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  5. In this story, Hoichi is a blind man that is especially skilled in the biwa and is known for his recital of the battle of Dan-no-ura. Hoichi lived in the temple and one night when the priest was called away he was outside when a man approached with a message for Hoichi. After being guided to the place where he was to recite his story he questioned whether they wanted the entire story which would take several nights or just pieces. After telling the story the woman and lord were very pleased with his singing and demanded that he come back for the next six nights at the same hour, and the same man would come for him. However, he was not allowed to tell anyone of his visits because the lord was traveling incognito. Hoichi went again the next night however this time his absence from the temple was noticed. The priests believed he has been bewitched and ordered the servants to follow him if he leaves late at night again. So the next night Hoichi left and the servants followed and found him at the memorial tomb of Antoku Tenno, and they claimed he was bewitched. The priest explains that he has not been visiting a lord, he’s been sitting at the tomb singing, and he has been under the control of the dead and must protect his body tonight by writing holy texts on it. That night the dead came looking for him and Hoichi did not move. When the priest came looking for him the next day he saw blood coming from his ears, the only place that they hadn’t write the holy text on his body.

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    Replies
    1. I found this story interesting from a religious standpoint. How the priest felt that writing holy text over the body of Hoichi would save him, and how when he forgot the ears that was the only part harmed. Also when originally reading the story i thought that the priest was being unreasonable and that Hoichi was simply going to play for some, i was shocked when he actually was going to the graves of the dead and reciting his songs.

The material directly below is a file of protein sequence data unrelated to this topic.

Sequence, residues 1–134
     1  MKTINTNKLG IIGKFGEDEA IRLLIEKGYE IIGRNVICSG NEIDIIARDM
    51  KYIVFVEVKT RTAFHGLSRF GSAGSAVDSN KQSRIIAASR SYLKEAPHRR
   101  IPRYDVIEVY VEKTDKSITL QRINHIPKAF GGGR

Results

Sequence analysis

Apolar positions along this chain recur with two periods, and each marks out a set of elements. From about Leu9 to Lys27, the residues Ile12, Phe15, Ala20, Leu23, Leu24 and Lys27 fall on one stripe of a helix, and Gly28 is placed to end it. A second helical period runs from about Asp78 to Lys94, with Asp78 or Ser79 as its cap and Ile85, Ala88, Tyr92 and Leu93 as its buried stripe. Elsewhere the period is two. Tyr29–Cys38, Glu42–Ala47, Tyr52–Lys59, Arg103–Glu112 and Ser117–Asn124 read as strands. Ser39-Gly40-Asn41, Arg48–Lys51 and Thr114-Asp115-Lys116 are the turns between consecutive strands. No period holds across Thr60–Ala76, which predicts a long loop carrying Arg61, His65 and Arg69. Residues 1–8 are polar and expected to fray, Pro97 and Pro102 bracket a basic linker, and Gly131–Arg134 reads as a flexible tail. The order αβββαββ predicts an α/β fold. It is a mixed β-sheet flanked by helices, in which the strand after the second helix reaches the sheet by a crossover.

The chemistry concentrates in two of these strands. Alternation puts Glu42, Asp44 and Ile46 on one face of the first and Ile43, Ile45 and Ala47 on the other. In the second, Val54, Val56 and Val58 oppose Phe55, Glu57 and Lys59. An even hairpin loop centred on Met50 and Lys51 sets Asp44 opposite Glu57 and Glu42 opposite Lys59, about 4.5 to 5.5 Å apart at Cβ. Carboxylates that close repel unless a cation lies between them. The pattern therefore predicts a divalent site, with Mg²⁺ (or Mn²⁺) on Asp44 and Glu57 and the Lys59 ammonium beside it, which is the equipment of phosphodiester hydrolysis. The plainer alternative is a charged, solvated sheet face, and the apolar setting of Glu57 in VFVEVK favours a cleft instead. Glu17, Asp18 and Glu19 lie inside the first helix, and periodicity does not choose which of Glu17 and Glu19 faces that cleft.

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  6. In the book Kwaidan "The Story of Mimi-Nashi-Hōïchi" there is a young man named Hoichi. He is blind and is very skilled in biwa. He lived in a temple with a priest and a few others. One night the priest was called away to preform a Buddhist service at the house of a dead parishioner. He left Hoichi alone in the temple. Hoichi waited for the priest return and relieved his solitude by playing the biwa. The priest still did not show up. Soon enough a deep voiced called for Hoichi. The stranger calling out to Hoichi is a samurai. In the old days the Japanese could not disobey the orders of the Samurai. His orders were for Hoichi to play the biwa to the present high lord of exceedingly high rank. The stranger which he was the samurai guided Hoichi to the gate way of where the lord stayed. Hoichi played the biwa and returned back to the Temple without the priest knowing it. He has been playing for the dead and now they have him under their control. Far along the priest ends up finding out where Hoichi has been going along with the dead. The priest paints holy letters on Hoichi and tells him to remain calm, to not say a word when the ghost arrives. The ghost comes calling for Hoichi and he only sees his ears and ends up pulling them off.
    -Lina Nop